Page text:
And my father returned to northeastern Colorado, married the girl he had met at a gathering of young Baptists in the 1930s and took up work as a carpenter. He never flew again, never traveled abroad, but he did have a taste for curry that was never satisfied. He died before the spread of Indian restaurants in Colorado.

Vail probably would have happened eventually. The mountain itself and the proximity to Denver made it a natural. But World War II put Pete Seibert into Colorado. Aspen would have flourished, but perhaps in a different way. As for Mount Hayden, it came to nothing, in its own way perhaps a casualty of World War II.

This pandemic is different than World War II, and we have to go back further to see precedent. In 1918, Gunnison quarantined itself and survived with little loss of life, while Silverton, as remote a town as there may be in Colorado, isolated in the icy fastness of the San Juan Mountains, lost 10% of its population.

In this COVID-19 pandemic, the first case in Colorado was a visitor to Summit County who had recently been in Italy, then Australian visitors to Aspen-Snowmass. But then Eagle County flared, and as of early this week had 22 cases from the Vail area compared to 24 in Denver County, which has a population about 12 times as large. County officials on Thursday said they suspected hundreds, if not thousands, had contracted COVID-19.

A century ago the influenza spread globally, but by rail instead of by air. The world has shrunk, with consequences both good and bad.

We will survive this pandemic, but there will be changes. I sincerely doubt we’ll see the significant expansion at DIA that had been announced just a few months ago. That may actually be good.

Can other good also result? Many of us hope that it will result in greater acceptance of facts, more acceptance of science. Ideology played a powerful role in the sluggish, or worse, acceptance of the virus by powerful people, most notably the president. That same ideology, the same denial, has shrugged off or rejected the power of accumulating greenhouse gases to produce costly changes in our climate.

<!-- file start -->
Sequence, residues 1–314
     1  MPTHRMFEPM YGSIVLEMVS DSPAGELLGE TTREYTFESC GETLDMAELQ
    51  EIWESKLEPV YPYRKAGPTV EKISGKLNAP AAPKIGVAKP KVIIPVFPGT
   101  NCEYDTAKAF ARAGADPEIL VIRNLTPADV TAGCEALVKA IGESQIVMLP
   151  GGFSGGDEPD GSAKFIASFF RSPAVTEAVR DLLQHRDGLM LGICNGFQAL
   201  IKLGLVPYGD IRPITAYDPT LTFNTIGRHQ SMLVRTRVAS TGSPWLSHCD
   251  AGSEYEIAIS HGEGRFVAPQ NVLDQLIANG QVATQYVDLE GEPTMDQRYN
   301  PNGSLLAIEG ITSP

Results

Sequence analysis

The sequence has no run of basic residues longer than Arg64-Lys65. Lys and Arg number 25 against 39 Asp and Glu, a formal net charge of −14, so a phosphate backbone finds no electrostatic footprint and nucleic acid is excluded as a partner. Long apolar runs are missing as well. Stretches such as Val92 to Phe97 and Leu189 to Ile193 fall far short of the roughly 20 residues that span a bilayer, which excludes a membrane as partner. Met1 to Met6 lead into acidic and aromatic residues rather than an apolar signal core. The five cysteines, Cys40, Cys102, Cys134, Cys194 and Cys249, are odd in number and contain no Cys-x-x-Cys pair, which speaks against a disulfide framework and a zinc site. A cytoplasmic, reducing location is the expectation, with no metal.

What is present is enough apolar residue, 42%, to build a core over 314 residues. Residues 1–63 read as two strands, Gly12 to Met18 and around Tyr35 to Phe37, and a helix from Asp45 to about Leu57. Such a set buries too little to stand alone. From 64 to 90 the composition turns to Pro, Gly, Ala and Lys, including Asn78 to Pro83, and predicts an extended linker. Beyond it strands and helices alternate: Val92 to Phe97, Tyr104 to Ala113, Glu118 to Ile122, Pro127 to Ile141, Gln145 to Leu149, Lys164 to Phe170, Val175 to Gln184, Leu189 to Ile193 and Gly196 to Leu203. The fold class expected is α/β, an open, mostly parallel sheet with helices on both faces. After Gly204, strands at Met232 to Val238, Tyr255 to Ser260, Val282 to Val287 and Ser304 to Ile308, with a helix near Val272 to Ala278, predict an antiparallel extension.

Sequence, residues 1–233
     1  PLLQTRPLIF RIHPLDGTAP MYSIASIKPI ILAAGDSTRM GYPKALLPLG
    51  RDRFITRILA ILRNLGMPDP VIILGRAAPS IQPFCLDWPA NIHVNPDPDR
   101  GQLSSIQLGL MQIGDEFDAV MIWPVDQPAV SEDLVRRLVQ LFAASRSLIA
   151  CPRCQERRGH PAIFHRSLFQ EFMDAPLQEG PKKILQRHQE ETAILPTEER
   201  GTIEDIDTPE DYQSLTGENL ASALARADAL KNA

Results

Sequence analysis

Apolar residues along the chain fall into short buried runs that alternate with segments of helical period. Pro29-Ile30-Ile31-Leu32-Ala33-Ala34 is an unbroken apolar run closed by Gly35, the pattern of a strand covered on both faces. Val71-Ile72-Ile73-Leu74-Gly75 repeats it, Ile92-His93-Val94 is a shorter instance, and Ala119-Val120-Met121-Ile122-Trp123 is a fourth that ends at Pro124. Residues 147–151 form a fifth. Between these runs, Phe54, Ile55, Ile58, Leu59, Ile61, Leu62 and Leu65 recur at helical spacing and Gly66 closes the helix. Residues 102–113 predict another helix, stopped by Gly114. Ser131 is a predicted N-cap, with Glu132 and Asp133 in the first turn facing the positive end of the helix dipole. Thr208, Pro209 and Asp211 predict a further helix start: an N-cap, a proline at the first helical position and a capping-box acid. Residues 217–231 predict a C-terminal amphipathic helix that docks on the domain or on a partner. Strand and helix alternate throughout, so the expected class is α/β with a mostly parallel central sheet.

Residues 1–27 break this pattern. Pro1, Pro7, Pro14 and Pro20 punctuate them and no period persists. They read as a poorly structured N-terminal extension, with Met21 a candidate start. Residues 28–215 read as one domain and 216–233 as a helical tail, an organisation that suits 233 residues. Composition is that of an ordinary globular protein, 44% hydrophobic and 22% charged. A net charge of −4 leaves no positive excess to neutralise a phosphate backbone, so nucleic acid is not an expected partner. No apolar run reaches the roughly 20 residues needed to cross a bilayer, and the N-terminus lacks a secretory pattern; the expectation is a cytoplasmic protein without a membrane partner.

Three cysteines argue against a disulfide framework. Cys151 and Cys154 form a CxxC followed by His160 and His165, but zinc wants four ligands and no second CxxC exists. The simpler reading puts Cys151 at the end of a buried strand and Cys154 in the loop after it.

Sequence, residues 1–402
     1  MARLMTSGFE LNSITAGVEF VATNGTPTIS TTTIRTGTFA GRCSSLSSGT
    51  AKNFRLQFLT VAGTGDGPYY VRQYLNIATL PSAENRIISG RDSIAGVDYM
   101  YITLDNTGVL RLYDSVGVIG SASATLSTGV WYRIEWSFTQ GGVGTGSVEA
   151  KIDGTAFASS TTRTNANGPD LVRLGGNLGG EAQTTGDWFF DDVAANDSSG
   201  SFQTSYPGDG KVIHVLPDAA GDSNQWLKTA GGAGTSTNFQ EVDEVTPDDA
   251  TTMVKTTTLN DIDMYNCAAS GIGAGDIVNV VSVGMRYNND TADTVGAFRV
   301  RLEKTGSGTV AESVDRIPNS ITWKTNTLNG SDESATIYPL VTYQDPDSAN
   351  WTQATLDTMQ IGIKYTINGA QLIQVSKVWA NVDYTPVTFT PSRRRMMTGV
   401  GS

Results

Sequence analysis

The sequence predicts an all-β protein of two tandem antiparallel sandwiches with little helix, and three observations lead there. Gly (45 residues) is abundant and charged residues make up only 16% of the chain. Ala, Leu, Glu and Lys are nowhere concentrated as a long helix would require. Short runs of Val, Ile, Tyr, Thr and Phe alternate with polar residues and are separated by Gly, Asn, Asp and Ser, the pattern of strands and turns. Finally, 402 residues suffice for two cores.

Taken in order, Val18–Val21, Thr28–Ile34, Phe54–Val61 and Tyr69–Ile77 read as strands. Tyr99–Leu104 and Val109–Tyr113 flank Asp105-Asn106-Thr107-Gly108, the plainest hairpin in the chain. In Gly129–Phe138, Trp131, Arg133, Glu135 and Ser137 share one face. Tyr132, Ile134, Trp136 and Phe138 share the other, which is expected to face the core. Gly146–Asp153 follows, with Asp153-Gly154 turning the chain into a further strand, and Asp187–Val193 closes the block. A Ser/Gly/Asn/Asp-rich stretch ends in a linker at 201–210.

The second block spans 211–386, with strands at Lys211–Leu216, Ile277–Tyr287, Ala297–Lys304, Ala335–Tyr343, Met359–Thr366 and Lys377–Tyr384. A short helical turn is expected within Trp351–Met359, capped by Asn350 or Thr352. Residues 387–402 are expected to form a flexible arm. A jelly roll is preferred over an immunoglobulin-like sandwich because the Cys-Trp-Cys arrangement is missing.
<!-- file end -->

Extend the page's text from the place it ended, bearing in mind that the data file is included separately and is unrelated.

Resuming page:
I hope we develop a greater sense of a global community. It could easily take us the other way, one exemplified by the run on guns and ammunition. What we see early on, the sniping between President Trump and his counterparts in China, is not encouraging.

This was first posted by the Colorado Independent.

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Allen Best

4 thoughts on “Pearl Harbor altered Colorado’s path after 1941, and Covid-19 will also”

  1. Allen, you have been a fine scribe of the high country. I have admired your work since I got here in 1988.
    When people discuss the history of Aspen, and also of the State Department, they generally inappropriately leave out the role in Aspen of a pretty important player in both. Ambassador Paul H. Nitze had had a big success on Wall Street in m&a during the depression. During WW2 he was Secretary of the Navy. He first attempted to start a ski area in Aspen before the war (probably in imitation of what his friend Averell Harriman had done in Sun Valley. Crucial land was tied up in a railroad bankruptcy, and the federal bankruptcy judge didn’t like the sound of a ski area venture. His familiarity with the area was due to his sister and brother-in-law’s initiation of the Aspen Institute, which was summer oriented. They were Walter and Pussy Paepcke. After the war Ambassador Nitze did in fact capitalize and incorporate the Aspen Skiing Co. For thirty seven years he was the chairman of the board and controlling shareholder. He is better known for his day job through that period and beyond. He was the United States Nuclear Arms Control expert, with the rank of Ambassador under all administrations, Democrat and Republican through his negotiation of the Salt Treaties with Russia in the Reagan administration. I have never met anyone from the State Department who was aware that he was the man behind Aspen. Almost nobody in Aspen today has any clue that such an interesting man on the international stage was the sole founder and leader of the Ski Co. Incidentally, he sold out in the seventies – probably a smart time for it.

    • Actually, the Johnson bore was opened first and hence the wording that I used. But you’re correct that it is, as I think I’ve heard C-DOT people say, all one big bore.